Randy McDonald (rfmcdpei) wrote,
Randy McDonald
rfmcdpei

[BRIEF NOTE] Bucking the trend? Israel and the Diaspora

Amiram Bakrat, writing for Ha'aretz, reports.

The 2005 assessment report by the Jewish People Policy Planning Institute predicts that Israel will represent an increasing share of the Jewish people: by 2020, Israel's Jewish population will grow by about a million, while the number of Diaspora Jews will shrink by around half a million. The global Jewish population will increase from today's 13 million to 13.5 million.

The JPPPI report, which will be presented at the next cabinet meeting, indicates that Diaspora communities are continuing to dwindle as a result of low birth rates and intermarriage rates of more than 50 percent. The report's authors do not anticipate mass immigration to Israel in the foreseeable future and note that 90 percent of the world's Jews reside in developed countries and enjoy a standard of living similar or higher than Israel's.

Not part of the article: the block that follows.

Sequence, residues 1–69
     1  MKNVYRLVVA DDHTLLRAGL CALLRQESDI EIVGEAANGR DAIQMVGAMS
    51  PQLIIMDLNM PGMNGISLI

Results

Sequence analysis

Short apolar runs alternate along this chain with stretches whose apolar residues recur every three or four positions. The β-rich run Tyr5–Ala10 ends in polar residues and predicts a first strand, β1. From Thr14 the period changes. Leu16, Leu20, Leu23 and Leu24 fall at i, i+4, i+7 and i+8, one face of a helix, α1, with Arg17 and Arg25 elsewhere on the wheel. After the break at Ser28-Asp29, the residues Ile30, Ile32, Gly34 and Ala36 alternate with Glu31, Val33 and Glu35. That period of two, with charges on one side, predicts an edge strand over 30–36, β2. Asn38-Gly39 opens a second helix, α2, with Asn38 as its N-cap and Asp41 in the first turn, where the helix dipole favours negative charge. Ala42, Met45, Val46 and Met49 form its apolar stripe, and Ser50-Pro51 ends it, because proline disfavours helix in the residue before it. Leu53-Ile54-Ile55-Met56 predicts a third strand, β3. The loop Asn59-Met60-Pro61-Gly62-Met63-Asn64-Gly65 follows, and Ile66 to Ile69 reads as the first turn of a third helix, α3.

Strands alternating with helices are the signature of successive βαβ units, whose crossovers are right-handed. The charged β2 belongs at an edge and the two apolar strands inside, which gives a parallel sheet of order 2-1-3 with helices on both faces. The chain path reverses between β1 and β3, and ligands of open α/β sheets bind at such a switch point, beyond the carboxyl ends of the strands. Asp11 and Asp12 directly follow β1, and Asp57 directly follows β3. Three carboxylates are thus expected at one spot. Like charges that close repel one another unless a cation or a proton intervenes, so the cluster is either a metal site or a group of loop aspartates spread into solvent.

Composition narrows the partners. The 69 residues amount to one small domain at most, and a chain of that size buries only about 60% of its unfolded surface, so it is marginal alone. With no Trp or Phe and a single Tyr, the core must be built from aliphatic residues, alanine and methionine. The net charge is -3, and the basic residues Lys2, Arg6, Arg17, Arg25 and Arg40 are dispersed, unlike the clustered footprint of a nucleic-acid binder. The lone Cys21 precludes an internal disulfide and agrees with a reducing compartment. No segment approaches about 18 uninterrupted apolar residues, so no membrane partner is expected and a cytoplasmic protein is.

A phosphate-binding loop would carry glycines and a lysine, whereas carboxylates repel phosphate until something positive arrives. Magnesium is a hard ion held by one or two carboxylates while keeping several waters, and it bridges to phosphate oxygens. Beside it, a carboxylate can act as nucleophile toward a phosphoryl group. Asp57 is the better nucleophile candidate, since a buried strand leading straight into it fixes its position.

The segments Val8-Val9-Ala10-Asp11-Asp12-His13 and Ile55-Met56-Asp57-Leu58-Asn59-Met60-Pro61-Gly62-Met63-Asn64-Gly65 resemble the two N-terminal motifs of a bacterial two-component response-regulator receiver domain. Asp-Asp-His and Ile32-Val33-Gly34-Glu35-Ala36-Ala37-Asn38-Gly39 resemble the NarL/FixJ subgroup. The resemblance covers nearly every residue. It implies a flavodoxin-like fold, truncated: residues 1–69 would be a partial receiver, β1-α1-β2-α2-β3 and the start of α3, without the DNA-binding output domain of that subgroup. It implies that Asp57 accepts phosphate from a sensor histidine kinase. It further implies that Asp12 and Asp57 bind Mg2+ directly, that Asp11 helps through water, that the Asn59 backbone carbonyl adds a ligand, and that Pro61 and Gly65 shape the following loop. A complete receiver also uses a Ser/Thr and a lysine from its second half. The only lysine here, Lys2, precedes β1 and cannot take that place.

Bakrat writes elsewhere that even without much immigration, Jewish communities in the Diaspora will shrink, often dramatically.

The Jerusalem-based institute predicts that there will be 6.25 million Jews in Israel in 2020, compared to 5.25 million Jews today. In North America the number of Jews is expected to remain stable, at about 5.5 million. The number of Jews in Europe is expected to drop from 1.25 million to 1 million. In the former Soviet Union, the number of Jews is expected to shrink from 380,000 to 180,000.

The rate of assimilation is expected to be slightly less than 50 percent in the U.S., 60 percent in Germany and Hungary, and 80 percent in the former Soviet Union.


So far as I know, Israel is unique in bucking the trend of diaspora-founded nation-states to see their populations decline relative to their diasporas. Armenia, Lebanon, and Haiti, to name but a few diasporic homelands, have remained countries of net emigration, the tendency to leave if anything growing over time. For Jews, assimilation and intermarriage play a role in the growth of Israel, but only a partial role; if anything, they bolster numbers by creating an extended Jewish population. Even so, the centre of gravity of Judaism continues its inexorable shift towards Israel.
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